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Yizhou Zhuang, Amir Erfanian, and Rong Fu

prediction of the U.S. climate becomes especially difficult in summer as the jet stream and the storm track move farther north and the precipitation regime shifts from a dominantly frontal precipitation to a tropical-like convective regime with a more regional and local character and an enhanced influence of land surface conditions (e.g., Myoung and Nielsen-Gammon 2010 ). Over the Great Plains, summer holds the largest share (>40%) of annual precipitation and variability of its rainfall exerts a strong

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Richard Seager, Jennifer Nakamura, and Mingfang Ting

roles of ocean driving by sea surface temperature (SST) anomalies and internal atmosphere variability has advanced considerably over the last two decades [see recent review by Seager and Hoerling (2014) ]. The role of land surface–vegetation–atmosphere interactions in drought evolution is also receiving increased attention (e.g., Sun et al. 2015 ; Mo and Lettenmaier 2016 ; Otkin et al. 2016 ; Basara and Christian 2018 ; Ford et al. 2017 ; Basara et al. 2019 ). However, when a drought is

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Shanshui Yuan, Steven M. Quiring, and Chen Zhao

. Atmos. , 120 , 11 519 – 11 535 , https://doi.org/10.1002/2015JD023975 . 10.1002/2015JD023975 Ford , T. W. , Q. Wang , and S. M. Quiring , 2016 : The observation record length necessary to generate robust soil moisture percentiles . J. Appl. Meteor. Climatol. , 55 , 2131 – 2149 , https://doi.org/10.1175/JAMC-D-16-0143.1 . 10.1175/JAMC-D-16-0143.1 Ford , T. W. , S. M. Quiring , and O. W. Frauenfeld , 2017 : Multi-decadal variability of soil moisture–temperature coupling over

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Chul-Su Shin, Paul A. Dirmeyer, Bohua Huang, Subhadeep Halder, and Arun Kumar

, snow, and vegetation states can provide a source of predictability ( Dirmeyer et al. 2015 , 2018b ). Land surface memory relevant to subseasonal to seasonal prediction is typically defined based on anomalies of soil moisture. Since soil moisture anomalies in nature can persist from a week up to two months or more ( Vinnikov et al. 1996 ; Entin et al. 2000 ; Mahanama and Koster 2003 ; Seneviratne et al. 2006 ), the influence of soil moisture anomalies on atmospheric variability (viz., surface

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Chul-Su Shin, Bohua Huang, Paul A. Dirmeyer, Subhadeep Halder, and Arun Kumar

prolong period of time) in the United States on seasonal time scales mainly result from sea surface temperature (SST) anomalies in the Pacific associated with El Niño–Southern Oscillation (ENSO) and/or the Pacific decadal oscillation (PDO), with lesser contribution from SST anomalies in the Atlantic and Indian Oceans (e.g., Hoerling and Kumar 2003 ; McCabe et al. 2004 ; Seager et al. 2005 ; Cook et al. 2007 ; Hoerling et al. 2009 ; Seager and Hoerling 2014 ; Schubert et al. 2016 ; Huang et al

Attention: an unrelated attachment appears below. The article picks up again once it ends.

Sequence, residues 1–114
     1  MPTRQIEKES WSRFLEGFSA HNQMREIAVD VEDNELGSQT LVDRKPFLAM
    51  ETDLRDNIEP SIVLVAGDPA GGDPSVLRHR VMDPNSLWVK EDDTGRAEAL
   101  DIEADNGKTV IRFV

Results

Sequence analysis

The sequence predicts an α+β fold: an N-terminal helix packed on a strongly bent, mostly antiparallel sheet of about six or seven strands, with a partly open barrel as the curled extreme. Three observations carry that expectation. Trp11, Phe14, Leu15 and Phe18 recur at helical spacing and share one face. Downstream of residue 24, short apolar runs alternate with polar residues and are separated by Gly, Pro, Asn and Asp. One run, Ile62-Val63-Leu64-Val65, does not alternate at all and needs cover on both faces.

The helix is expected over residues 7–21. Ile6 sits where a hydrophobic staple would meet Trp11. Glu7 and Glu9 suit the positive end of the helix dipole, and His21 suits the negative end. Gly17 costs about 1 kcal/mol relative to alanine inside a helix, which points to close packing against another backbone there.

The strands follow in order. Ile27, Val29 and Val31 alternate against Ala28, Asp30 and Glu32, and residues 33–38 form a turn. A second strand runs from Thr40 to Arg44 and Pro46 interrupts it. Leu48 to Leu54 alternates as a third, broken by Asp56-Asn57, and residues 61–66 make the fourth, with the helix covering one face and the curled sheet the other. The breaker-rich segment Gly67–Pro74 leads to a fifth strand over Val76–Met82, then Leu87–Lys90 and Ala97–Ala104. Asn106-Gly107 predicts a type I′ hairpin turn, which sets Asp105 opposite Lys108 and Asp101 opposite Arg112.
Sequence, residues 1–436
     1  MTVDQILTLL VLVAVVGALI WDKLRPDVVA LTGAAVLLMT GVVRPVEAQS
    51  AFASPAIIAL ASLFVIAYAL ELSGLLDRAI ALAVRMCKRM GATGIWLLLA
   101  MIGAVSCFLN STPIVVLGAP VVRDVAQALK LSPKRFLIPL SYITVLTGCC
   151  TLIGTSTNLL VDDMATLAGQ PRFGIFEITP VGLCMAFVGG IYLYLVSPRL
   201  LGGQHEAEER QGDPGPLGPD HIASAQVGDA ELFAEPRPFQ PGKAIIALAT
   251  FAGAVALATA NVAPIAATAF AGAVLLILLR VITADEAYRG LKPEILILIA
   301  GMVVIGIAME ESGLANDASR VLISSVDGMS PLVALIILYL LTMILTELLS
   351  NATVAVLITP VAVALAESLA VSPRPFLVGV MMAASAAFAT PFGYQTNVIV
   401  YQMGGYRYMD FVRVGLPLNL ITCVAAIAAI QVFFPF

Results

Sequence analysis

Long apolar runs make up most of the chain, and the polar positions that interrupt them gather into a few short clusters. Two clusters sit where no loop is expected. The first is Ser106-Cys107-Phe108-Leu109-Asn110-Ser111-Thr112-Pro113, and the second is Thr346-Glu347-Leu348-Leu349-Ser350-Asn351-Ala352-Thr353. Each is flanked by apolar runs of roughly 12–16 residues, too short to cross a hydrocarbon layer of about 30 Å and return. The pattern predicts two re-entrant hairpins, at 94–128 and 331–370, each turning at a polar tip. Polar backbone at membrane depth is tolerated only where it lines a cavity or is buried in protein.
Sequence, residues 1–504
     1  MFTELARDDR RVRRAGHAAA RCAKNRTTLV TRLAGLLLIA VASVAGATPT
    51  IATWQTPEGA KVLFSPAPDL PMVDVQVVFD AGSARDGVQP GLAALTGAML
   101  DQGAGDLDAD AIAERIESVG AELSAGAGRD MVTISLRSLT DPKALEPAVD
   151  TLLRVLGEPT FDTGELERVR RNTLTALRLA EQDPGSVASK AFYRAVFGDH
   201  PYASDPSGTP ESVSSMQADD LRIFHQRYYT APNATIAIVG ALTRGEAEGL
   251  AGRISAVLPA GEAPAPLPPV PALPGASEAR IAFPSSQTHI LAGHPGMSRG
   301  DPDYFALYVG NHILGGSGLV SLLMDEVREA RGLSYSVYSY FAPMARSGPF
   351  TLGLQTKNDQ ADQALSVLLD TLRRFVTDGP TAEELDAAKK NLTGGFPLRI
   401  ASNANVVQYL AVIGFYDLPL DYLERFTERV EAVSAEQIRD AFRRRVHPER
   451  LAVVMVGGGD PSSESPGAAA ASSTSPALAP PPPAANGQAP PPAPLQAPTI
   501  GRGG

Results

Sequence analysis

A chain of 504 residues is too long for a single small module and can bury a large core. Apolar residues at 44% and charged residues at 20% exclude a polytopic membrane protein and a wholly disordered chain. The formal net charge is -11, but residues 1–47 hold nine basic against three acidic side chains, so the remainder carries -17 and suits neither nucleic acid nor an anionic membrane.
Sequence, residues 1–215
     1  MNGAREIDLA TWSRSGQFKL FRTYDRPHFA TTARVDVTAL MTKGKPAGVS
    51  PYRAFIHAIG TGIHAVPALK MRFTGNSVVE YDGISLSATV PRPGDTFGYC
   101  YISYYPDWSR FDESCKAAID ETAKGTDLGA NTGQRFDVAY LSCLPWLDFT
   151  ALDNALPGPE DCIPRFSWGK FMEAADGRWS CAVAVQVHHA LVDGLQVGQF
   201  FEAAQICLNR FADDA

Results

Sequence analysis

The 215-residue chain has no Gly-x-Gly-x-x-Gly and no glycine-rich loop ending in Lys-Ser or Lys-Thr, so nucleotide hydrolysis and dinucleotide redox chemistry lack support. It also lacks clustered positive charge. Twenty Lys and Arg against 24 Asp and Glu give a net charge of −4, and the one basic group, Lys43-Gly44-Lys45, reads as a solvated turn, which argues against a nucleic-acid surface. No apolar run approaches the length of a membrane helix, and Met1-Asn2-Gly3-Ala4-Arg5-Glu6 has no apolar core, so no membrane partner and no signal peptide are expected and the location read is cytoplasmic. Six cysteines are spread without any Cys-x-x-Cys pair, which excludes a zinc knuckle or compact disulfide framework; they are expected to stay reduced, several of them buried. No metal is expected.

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Yaling Liu, Dongdong Chen, Soukayna Mouatadid, Xiaoliang Lu, Min Chen, Yu Cheng, Zhenghui Xie, Binghao Jia, Huan Wu, and Pierre Gentine

1. Introduction Soil moisture (SM) is an essential component of the Earth system. It affects the variability of the coupled energy (latent and sensible heat fluxes) and water fluxes (runoff and evapotranspiration) by modifying the partitioning of water and energy across the land–atmosphere interface ( Seneviratne et al. 2010 ). The effects of SM on evapotranspiration also impact temperature variability and may intrigue persistent heatwaves ( Fischer et al. 2007 ; Hirschi et al. 2011

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David M. Mocko, Sujay V. Kumar, Christa D. Peters-Lidard, and Shugong Wang

the years as more and finer-scale drought indicators have emerged over the decades. On the other hand, the drought categories from the model-simulated top 1-m soil moisture only represent agricultural drought, while the USDM will represent all droughts, including meteorological and hydrological as well. Comparisons to in situ soil moisture observations are presented to help provide confidence that using the USDM for assessing impacts on diagnosing agricultural drought is a reasonable approach. 3

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